Don’t Optimize for Google
Sure, Google gets twice as many searches as Yahoo and Bing combined, but you shouldn’t optimize for Google. You shouldn’t optimize for Yahoo and Bing either.
It’s the User. It’s always the User.
Identifying the right keywords and doing on-page keyword optimization is arguably the easy part. The hard part is developing a compelling UX (User Experience). In a competitive niche, that’s what separates the high flyers on Google from the also-rans.
Let’s think about that for a second. It’s always been Google’s goal to present the best sources of information for any given search. That’s why you won’t find multiple listings on the first page of results that all have the same content. They’re out there — just look at websites developed by vertical market website vendors; they often have pages with lots of information, but pages that are the same on many other websites. Google never wants to show you more than one of those: the rest are all redundant.
But it’s more than just having unique content on your site (although that is an irreducible essential). Your site needs to be easy to use, easy for users to find what they want, full of information not easily found elsewhere … it needs a good UX. That’s always been a #1 priority for Google and in their statement of philosophy headlined “Ten things we know to be true”, three of them relate directly to UX:
- Focus on the user and all else will follow.
- Fast is better than slow.
- You don’t need to be at your desk to need an answer.
I’ve written about all of those things in this blog before, but it wouldn’t hurt you to review some of them.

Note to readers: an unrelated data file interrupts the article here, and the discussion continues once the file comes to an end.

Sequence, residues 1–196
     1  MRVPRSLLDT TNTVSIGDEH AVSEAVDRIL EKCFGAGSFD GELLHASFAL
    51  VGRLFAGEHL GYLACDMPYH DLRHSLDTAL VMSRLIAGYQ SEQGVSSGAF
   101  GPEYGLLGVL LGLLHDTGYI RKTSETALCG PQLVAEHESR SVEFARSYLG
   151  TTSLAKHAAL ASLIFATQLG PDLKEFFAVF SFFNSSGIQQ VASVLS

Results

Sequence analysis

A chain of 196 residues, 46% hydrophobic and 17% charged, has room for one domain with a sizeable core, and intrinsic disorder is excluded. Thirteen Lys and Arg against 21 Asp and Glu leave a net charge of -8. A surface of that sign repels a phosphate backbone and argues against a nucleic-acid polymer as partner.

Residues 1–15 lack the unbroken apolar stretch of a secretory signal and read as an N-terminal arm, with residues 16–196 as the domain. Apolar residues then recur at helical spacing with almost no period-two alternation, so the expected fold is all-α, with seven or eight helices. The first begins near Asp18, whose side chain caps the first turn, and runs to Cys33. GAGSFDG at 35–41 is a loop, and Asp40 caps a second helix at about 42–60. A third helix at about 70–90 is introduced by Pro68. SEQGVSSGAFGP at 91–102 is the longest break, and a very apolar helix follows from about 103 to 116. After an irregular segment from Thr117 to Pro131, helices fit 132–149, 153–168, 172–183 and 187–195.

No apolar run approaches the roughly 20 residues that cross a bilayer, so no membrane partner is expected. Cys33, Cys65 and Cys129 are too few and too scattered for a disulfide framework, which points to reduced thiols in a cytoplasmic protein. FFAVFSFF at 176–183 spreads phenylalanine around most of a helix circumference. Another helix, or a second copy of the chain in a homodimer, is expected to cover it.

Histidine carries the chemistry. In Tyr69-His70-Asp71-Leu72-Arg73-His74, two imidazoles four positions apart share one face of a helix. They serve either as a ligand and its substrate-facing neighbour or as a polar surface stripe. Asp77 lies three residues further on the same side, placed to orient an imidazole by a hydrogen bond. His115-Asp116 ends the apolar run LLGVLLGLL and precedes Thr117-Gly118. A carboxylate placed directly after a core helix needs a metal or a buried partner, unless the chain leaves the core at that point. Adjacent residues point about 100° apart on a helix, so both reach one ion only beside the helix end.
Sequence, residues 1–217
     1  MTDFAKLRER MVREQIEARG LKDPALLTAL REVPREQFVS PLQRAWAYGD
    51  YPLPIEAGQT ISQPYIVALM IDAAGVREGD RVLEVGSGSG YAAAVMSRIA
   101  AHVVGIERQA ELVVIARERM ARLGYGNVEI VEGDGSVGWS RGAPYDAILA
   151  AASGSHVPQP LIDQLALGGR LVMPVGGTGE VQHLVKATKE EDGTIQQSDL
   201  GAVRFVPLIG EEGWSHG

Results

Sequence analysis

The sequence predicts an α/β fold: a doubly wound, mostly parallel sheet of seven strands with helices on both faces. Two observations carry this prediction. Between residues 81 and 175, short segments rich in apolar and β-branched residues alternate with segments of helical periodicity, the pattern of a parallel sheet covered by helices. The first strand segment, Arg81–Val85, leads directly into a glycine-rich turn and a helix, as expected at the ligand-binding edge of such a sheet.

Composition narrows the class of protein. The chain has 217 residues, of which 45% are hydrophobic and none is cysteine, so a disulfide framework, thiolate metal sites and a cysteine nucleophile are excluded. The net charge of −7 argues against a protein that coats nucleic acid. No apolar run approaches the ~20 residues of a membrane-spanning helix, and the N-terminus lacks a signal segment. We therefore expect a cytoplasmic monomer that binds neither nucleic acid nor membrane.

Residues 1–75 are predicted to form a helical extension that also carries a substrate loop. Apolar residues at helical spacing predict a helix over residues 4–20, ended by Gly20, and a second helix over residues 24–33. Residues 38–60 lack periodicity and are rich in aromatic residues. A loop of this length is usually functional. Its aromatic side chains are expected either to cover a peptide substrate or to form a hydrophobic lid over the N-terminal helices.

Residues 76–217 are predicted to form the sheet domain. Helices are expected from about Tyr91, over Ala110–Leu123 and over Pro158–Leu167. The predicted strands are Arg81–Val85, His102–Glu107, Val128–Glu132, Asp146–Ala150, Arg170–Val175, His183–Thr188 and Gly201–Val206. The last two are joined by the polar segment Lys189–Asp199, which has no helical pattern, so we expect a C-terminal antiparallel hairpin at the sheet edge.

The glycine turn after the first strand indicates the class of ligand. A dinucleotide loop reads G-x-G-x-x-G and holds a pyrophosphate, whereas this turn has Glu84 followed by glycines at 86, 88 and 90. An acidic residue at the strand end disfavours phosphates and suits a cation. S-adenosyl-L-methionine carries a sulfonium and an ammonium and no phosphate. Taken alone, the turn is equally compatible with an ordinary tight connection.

Focusing on the user is Google’s #1 value. We’ve gathered all the stuff we’ve posted on that subject in our User Experience category.
The speed issue is always a concern when we prepare optimization recommendations for our clients, and all of our posts on that subject are neatly combined into our Page Speed tag.
Recognition that people are increasingly accessing the web on their phones is inescapable. But many websites that look great on a desktop or laptop, or even on a tablet may be close to unusable on a phone. We’ve written about that, too.
What are your thoughts? Do you agree? Disagree? Let us know in the comments below.
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How does your UX stack up against your competitors? Need some help beating them out in the rankings? If so, Rank Magic can help
I’ve said something similar in an article too (from the content developer and web designer point of view) — essentially you have a choice: spend your time and money chasing Google, or chase the customers and let Google chase you. I prefer the latter. You can win the Chase Google game (until they change their algorithm) and lose the customer game. What’s the point? I thought the point was to get the customers in the first place.
Keep up the great articles!
I totally agree Bill. Algorithms change often and Google along with other search engines are constantly changing and improving them.
Their focus clearly is the “user”. As I say often, user experience is key and Google wants just that. Keep the user (viewer) in mind when creating your online presence.